It’s the end of the year again, and time to gaze back over the past twelve months again. However, rather than a large, longform article trying to find meaning from it all, let’s try something new. A report card, rating the major players in the industry over the past year. This was a somewhat uneventful year. With a console cycle in full swing, the cards are mostly on the table and the major game-shakers (VR, the Nintendo NX) are still some way off prime time. Everyone is settling into a groove, even if it’s not necessarily what they had in mind.
This tranquillity probably won’t last, but enjoy these moments — generation-defining games tend to come from relative stability.
Is it too early to say that Sony has won the console war (assuming that means absolutely anything these days)? At this stage last time round, the Xbox 360 had an apparently unassailable lead over the PS3 but was overhauled in long-term sales, but it’s difficult to see that happening again. The PlayStation 4 has been a rousing success, with canny marketing backed up by a strategy that has more games coming from more avenues than the Xbox One, its only immediate rival. In that sense, the success is well deserved, but complacency has been Sony’s downfall before and care will be needed to prevent a repeat. Notably, the PS4 has remarkably few true exclusives after two full years (though those true exclusives are well pitched) and Sony’s world view is squared solely on beating Microsoft. The immediate threat is neutered, but this is an industry where insular thinking is folly. A-
Objectives for 2016: More of the same. Sony is in an enviable position in the console market and in no immediate danger.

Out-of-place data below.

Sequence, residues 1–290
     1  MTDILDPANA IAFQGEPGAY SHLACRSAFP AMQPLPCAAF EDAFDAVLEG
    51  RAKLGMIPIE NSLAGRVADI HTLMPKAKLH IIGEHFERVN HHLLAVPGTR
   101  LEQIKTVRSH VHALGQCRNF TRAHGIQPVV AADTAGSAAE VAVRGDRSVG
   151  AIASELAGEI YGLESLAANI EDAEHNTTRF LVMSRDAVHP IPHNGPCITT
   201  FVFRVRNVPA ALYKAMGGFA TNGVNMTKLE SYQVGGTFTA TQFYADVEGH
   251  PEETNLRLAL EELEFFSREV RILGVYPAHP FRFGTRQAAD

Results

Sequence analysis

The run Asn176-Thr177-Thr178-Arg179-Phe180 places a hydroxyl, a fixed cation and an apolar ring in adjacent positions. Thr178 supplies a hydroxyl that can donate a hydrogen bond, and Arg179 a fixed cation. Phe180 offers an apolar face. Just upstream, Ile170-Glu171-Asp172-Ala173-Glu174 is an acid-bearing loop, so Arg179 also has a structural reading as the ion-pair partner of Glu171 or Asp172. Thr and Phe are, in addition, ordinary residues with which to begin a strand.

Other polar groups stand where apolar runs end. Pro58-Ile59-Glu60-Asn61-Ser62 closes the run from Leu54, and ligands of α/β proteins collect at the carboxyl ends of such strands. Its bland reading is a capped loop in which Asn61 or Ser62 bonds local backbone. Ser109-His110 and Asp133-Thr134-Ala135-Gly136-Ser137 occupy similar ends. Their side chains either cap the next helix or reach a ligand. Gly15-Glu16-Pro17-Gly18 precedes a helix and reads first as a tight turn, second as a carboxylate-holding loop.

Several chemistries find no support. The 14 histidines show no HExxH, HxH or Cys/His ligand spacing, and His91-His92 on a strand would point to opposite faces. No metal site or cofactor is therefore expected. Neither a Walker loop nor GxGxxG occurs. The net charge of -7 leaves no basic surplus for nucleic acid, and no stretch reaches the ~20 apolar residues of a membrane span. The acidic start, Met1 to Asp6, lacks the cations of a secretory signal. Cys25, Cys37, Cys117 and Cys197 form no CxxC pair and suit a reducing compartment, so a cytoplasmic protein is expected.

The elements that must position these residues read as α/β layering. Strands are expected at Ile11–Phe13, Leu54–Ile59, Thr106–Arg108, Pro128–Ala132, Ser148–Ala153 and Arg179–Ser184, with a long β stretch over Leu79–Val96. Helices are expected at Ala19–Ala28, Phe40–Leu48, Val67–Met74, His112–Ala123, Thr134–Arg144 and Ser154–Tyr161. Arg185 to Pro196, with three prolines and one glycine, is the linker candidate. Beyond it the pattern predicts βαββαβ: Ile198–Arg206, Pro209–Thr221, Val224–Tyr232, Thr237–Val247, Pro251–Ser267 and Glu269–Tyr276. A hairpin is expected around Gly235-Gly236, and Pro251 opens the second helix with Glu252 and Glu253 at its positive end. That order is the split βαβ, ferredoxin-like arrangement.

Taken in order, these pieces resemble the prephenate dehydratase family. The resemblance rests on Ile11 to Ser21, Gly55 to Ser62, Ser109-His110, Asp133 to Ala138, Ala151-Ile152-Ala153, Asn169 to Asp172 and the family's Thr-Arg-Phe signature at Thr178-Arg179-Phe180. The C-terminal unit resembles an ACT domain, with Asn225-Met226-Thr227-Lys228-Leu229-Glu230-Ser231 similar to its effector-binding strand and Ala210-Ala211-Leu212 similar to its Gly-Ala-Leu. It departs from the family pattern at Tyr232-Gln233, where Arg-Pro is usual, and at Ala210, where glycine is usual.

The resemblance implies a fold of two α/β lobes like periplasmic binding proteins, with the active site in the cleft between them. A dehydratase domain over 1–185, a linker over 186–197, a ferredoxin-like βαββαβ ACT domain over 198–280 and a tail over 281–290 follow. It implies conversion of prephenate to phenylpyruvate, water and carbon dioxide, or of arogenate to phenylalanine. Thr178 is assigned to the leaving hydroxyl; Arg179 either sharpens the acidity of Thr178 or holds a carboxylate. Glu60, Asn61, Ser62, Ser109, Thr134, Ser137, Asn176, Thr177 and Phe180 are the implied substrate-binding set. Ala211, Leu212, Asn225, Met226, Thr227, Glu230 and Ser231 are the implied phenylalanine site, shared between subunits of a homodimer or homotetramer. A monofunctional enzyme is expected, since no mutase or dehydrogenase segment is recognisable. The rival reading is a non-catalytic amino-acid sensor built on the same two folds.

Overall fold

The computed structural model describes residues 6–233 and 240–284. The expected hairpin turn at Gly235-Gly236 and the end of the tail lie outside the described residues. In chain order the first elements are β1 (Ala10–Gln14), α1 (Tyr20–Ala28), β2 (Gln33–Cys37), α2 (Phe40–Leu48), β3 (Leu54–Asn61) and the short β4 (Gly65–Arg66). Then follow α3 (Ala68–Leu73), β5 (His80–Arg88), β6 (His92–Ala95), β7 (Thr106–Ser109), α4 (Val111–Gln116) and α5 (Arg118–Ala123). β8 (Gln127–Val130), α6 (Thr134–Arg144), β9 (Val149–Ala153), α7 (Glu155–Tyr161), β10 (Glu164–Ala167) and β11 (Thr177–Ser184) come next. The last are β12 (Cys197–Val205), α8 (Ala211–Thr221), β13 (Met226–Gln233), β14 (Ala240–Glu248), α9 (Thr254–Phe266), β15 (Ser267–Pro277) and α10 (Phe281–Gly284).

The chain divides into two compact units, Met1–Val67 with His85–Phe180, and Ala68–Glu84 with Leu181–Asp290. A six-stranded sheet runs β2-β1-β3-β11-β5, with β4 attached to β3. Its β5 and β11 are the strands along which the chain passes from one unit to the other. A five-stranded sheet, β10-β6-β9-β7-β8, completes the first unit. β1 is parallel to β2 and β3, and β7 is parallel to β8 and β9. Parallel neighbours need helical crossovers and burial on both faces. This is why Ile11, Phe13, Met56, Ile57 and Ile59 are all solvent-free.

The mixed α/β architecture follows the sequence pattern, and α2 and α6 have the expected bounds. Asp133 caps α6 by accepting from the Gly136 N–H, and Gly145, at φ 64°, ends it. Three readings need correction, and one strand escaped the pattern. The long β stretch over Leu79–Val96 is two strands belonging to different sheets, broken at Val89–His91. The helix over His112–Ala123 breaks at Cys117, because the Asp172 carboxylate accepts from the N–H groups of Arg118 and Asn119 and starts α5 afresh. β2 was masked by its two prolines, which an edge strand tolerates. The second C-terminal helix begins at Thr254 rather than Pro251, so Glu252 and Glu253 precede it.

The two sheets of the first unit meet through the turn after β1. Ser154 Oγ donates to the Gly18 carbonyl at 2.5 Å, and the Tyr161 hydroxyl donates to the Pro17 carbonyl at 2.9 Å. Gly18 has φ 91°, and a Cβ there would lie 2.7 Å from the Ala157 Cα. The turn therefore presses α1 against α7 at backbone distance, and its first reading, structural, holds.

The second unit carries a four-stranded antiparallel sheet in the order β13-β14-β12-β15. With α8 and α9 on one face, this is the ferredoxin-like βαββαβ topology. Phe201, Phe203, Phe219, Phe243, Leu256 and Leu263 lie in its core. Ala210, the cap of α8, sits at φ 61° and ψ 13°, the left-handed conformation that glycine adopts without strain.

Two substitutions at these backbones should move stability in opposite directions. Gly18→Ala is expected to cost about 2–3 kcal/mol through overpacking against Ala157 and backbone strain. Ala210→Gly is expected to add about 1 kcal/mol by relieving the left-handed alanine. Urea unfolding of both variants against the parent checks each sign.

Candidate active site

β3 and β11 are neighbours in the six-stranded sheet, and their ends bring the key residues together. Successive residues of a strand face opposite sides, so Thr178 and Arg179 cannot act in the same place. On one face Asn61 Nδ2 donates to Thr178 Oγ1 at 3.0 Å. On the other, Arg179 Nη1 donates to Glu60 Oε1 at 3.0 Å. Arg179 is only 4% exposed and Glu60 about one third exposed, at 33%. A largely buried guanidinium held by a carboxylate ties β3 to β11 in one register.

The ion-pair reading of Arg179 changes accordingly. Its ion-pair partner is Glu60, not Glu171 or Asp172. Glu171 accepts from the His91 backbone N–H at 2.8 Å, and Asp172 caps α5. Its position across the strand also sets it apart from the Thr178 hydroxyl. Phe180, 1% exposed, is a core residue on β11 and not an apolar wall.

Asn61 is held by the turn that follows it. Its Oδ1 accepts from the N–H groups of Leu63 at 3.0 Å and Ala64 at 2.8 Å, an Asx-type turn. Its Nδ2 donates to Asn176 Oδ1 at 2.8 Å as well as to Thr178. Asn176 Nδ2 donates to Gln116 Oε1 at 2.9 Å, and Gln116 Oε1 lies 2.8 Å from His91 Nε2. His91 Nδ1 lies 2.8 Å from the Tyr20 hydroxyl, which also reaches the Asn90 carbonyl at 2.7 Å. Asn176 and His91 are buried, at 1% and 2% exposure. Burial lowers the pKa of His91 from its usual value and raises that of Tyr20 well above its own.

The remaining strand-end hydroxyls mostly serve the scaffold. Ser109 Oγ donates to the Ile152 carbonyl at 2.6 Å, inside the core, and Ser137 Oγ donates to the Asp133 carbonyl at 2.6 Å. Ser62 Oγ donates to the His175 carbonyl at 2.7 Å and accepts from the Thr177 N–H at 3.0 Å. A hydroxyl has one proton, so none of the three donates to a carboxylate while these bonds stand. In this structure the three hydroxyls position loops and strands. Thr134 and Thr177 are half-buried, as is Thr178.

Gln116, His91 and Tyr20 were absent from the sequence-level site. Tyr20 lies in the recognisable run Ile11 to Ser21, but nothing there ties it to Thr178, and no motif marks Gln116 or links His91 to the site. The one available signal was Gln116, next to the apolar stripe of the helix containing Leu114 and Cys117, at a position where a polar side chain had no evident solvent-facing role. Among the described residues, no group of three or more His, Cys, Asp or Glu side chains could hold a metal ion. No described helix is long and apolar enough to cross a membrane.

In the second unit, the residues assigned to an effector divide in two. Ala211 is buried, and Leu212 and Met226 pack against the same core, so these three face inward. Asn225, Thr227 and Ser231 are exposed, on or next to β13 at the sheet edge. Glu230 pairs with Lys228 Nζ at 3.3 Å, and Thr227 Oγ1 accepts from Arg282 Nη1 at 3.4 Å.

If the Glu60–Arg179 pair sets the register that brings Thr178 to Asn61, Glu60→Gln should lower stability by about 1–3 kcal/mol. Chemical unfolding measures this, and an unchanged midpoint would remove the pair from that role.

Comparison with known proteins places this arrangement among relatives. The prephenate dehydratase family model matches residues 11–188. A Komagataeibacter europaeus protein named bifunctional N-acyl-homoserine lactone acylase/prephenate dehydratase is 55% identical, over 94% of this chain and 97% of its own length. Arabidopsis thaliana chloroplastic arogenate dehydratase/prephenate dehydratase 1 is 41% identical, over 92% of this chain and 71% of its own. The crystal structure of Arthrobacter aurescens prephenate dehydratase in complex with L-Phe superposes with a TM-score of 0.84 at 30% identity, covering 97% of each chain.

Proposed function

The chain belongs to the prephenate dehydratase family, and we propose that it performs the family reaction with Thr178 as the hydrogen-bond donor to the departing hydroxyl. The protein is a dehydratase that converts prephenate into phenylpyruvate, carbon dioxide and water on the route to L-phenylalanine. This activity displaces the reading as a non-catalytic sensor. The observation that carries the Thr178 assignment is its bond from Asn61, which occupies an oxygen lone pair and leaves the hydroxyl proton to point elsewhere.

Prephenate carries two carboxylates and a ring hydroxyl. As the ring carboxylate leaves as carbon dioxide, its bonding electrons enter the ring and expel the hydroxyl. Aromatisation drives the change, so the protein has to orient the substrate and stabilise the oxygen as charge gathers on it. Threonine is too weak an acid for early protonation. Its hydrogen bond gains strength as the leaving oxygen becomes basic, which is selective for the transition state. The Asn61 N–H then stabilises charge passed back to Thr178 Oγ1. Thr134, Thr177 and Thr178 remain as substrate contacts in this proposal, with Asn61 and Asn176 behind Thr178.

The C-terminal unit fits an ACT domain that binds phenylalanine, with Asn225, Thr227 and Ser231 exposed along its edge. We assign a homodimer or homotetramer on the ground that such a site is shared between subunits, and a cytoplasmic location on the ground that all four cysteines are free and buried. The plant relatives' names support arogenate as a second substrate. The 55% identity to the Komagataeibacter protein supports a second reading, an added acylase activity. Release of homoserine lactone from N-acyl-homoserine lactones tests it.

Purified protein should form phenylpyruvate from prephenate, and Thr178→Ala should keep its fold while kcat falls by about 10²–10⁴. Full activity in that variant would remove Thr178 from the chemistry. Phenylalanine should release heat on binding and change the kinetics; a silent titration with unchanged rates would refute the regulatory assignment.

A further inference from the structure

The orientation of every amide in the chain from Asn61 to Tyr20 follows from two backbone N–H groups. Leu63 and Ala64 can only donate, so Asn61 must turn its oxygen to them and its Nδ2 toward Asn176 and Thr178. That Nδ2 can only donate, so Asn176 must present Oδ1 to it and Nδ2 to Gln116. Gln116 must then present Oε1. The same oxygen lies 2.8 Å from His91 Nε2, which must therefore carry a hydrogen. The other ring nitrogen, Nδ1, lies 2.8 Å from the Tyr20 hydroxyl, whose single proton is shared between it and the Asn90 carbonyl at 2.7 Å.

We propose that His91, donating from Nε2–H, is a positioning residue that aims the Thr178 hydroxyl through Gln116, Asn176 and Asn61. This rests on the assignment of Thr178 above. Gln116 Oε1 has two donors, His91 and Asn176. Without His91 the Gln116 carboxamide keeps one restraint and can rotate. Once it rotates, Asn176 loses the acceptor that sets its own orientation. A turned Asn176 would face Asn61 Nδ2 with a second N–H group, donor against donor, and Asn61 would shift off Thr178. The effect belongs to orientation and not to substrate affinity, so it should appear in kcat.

If Microsoft started this generation in damage limitation mode, 2015 marked a return of the confidence that propelled Xbox to the highs of the 360, but is that really a good thing? For all the bluster, there remains a distinct lack of substance to the Xbox One’s library beyond the usual crowd pleasers. From Tomb Raider to the Elite controller, it’s an appeal to an audience of risk-averse wannabe pro gamers without much thought as to whether that market really exists any more. Okay, that’s probably being extremely harsh, and with Windows 10 compatibility, Oculus Rift support and the far-off HoloLens, there’s a breadth to Microsoft’s strategy that should give Xbox a distinct voice in the fullness of time, but whether the departments will talk to each other is another matter entirely. The catastrophically timed exclusive launch of Rise of the Tomb Raider showed that Microsoft aren’t on top of the world any more — will you tell them, or shall I? B-
Objectives for 2016: Xbox needs diversity. The core audience will be happy with what they see, but Microsoft surely have grander visions.
The untimely death of well-liked president Satoru Iwata will have done nothing to help what was always going to be a trying year for Nintendo. With one failed console and another approaching the end of its natural life, this year was always going to be a holding pattern in preparation for bigger things. However, this is no time for Nintendo to be looking back — the Wii U has been a high profile failure at a time failing is not safe, and a repeat will put the entire company strategy in serious jeopardy. The success of the Amiibo figurines has been a welcome success, even if Nintendo still haven’t worked out how to integrate them into their games, though the serious shortages of them are symbolic of a company deeply out of touch with the world. C-
Objectives for 2016: 2016 is a huge year for Nintendo. The NX, in whatever form it takes, need to hit the ground running and establish Nintendo’s place in modern gaming. If they can do that, writing off this year will have been worth the sacrifice, because failure probably won’t be an option.
It could hardly have been much worse than 2014 for Ubisoft, and indeed it hasn’t been. There was a notable absence of Assassin’s Creed: Unity-style horror stories this year, and fewer over-hyped duds (critically, if not commercially) like Watch Dogs, but there relatively fewer positives either. For all the hype, Raibow Six: Siege was a tepid success at best, while Far Cry continued its progress towards money printing cash cow. Even Assassin’s Creed was notably low-key, though the yearly franchise is by now so exhausted that it’s difficult to elicit any strong emotion at all assuming it’s all built properly. C+